Content Index

In episode 48 of Nature's Past, a podcast on Canadian environmental history, Sean Kheraj speaks with Merle Massie about her book Forest Prairie Edge: Place History in Saskatchewan.

This special section edited by Franklin Ginn, Uli Beisel, and Maan Barua considers how multispecies flourishing works when the creatures are awkward, when togetherness is difficult, when vulnerability is in the making, and death is at hand.

By privileging music as a focus for applied ecology, Robin Ryan aims to deepen perspectives on the musical representation of land in an age of complex environmental challenge.

A map of the 1974 flood in Brisbane, Australia.

This painting by Leander Russ depicts a rescue operation during a flood in Vienna in 1847.

Through readings of the works of artist/sculptor Ilana Halperin and poet Alice Oswald, David Farrier explores the idea of Anthropocene as marked by haunted time.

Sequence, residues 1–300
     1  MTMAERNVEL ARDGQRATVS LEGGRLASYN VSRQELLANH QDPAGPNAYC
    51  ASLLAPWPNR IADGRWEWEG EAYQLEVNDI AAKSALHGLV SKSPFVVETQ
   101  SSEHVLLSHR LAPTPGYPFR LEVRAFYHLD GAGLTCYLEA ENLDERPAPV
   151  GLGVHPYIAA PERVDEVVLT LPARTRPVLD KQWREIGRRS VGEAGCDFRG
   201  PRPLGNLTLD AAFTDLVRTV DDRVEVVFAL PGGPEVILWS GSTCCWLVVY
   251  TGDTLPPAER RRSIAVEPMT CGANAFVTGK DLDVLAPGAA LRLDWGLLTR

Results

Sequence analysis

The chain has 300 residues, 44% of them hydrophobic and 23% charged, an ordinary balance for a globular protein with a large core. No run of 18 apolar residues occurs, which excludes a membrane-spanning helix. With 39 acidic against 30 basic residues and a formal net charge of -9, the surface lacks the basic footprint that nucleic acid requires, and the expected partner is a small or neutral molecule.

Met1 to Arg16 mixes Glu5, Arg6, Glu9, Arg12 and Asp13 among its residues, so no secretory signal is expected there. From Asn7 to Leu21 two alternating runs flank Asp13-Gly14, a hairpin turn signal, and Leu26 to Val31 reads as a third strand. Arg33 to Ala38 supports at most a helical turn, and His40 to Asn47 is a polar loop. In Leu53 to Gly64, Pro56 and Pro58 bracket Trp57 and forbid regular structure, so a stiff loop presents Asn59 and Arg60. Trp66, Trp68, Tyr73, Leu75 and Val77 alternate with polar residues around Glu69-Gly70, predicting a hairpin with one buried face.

Jean M. Langford explores different modes of interspecies communications at an urban parrot sanctuary, suggesting that humans can alter their interactions to ease parrots' distress.

By theorizing the temporalities of political-economic transformations as embodied in key conservationist and educational institutions, Erin Fitz-Henry argues that we can deepen our understanding of “worlds-otherwise” and work toward clarifying the institutional conditions that mitigate their flourishing.

John Ryan examines biopoetry experiments that encoded poetry into DNA, asking if biopoetry and the encipherment process are conceptual and methodological experimentations, or if they reflect ecological consciousness and ethical imperative for life.

Les Beldo proposes thinking about nonhuman contributions to production, including those taking place at the microbiological level, as labor, and offers an ethnographic description of the lives of broiler chickens.